We Tested 12 No-Pull Dog Harnesses To See Which Ones Work
Being pulled around by your dog can take the fun out of traveling together! But leaving your furry travel companion behind isn’t an option. So we tested 12 no-pull dog harnesses to help you both enjoy your next adventure together even more.
Exploring new places is fun and exciting! So it’s easy to understand how a normally well-behaved pup can forget all his leash manners when you arrive in a new environment. No-pull dog harnesses can’t replace training. But they can help make the process safer and more fun for you both.
How No-Pull Dog Harnesses Can Make Traveling With Pets Better
Think back to the first time you went to a carnival. Do you remember the lights, the music, the twirling rides, and the scents from the concession stands washing over you? Perhaps it filled you with awe and excitement. Or maybe you felt overwhelmed and unsure.
Whether you couldn’t wait to be turned loose, or wanted to take things in more slowly, keep in mind your dog might be feeling similar emotions when you take him new places.
READ MORE ⇒ Training Your Dog To Travel
Experiencing new environments, situations, and events with your dog is great for you both. It builds confidence, deepens your bond, and strengthens your relationship. And few things are more rewarding than watching your pup play in the waves on a beach, explore a new city, or sniff all the scents on a hiking trail for the first time.
But exploring together also requires patience, understanding, and sometimes a tool or two to make sure everyone has a good time. Just like you felt at the carnival, your dog could be overstimulated or cautious when faced with new situations. And the first thing most excited and nervous dogs do is pull on their leashes.
Walking a dog while he’s pulling on the leash is difficult and tiring, not to mention frustrating for both you and your pup! That’s where no-pull dog harnesses can help keep you and your pooch safe, giving you time to help your dog acclimate to the new environment … without suffering a dislocated elbow.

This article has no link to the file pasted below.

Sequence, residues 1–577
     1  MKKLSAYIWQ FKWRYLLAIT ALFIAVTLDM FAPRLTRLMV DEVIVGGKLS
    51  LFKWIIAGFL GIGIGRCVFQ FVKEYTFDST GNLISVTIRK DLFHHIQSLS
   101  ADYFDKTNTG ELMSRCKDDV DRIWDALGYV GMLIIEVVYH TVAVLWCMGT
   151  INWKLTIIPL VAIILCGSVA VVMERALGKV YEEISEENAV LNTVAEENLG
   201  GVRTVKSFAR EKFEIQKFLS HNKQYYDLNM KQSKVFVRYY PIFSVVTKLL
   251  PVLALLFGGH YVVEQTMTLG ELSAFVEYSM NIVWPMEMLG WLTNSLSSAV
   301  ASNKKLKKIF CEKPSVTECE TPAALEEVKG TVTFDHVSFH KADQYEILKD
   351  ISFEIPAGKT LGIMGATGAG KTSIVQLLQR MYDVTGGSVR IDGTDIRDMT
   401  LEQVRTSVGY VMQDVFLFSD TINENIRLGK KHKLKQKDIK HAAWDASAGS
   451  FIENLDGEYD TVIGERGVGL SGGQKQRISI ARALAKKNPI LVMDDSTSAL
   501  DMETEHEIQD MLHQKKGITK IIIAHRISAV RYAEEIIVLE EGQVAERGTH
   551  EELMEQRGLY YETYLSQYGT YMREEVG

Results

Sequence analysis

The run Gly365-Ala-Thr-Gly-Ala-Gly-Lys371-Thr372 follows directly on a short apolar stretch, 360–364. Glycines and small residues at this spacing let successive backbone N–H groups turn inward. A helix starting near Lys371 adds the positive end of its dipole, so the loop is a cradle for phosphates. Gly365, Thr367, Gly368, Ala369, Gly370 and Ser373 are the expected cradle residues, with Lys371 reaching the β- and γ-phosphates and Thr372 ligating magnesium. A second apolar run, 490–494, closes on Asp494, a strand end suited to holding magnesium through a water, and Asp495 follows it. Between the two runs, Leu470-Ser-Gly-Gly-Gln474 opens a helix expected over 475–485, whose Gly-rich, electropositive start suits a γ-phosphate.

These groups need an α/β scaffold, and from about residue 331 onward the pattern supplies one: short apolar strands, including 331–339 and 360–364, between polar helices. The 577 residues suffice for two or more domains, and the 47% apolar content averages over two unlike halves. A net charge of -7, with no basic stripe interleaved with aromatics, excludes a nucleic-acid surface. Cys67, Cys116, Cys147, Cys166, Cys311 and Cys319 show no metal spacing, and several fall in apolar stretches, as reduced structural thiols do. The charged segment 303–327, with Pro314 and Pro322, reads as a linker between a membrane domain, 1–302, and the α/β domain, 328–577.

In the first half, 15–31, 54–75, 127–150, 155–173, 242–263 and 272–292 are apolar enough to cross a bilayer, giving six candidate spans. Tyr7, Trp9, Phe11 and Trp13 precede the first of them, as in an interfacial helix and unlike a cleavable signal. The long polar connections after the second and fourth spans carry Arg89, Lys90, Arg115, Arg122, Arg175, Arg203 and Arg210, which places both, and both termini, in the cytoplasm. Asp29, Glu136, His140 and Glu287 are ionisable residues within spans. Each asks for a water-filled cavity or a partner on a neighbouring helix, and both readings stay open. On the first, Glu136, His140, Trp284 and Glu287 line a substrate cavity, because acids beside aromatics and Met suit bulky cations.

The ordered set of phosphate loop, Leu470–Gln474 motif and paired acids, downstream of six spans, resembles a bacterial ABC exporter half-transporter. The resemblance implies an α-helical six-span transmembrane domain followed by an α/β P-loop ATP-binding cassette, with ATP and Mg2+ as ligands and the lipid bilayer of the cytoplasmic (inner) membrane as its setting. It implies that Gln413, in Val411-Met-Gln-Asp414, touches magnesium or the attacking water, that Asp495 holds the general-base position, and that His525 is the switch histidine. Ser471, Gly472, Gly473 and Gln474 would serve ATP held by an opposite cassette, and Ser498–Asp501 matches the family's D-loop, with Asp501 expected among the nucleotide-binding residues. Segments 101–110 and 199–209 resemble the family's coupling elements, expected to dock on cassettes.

No-Pull Dog Harnesses Can Keep You And Your Dog Safe
My first experience with no-pull dog harnesses was when we found our German Shepherd, Buster, as a stray. The vet guessed he was about a year old, and he acted like he’d never been on a leash. At 75 pounds, he could easily pull me off my feet. And we lived in Center City, Philadelphia at the time. So being dragged around by my dog wasn’t safe for either of us.
Recognizing that Buster’s training wasn’t going to happen overnight, and knowing that he absolutely needed to be exercised in the meantime, I immediately started looking for a harness that would help keep us both safe. That research led me to no-pull dog harnesses. Now, more than 15 years later, the options have grown significantly!
Much like my situation with Buster, it might take time to train your dog to walk nicely on his leash in new environments. And a no-pull dog harness could help in the meantime.
Disclosure: I am not a dog trainer. And no-pull dog harnesses are not a substitute for training your pet. That being said, in my experience, no-pull harnesses can make the training process easier, safer, and more enjoyable – for you and your dog.
Choosing Which Harnesses To Test
These days, a search for no-pull dog harnesses returns thousands of results. Obviously, testing them all wasn’t possible. But I noticed many harnesses that simply have a ring at the chest to attach your dog’s leash are being marketed as “no-pull.”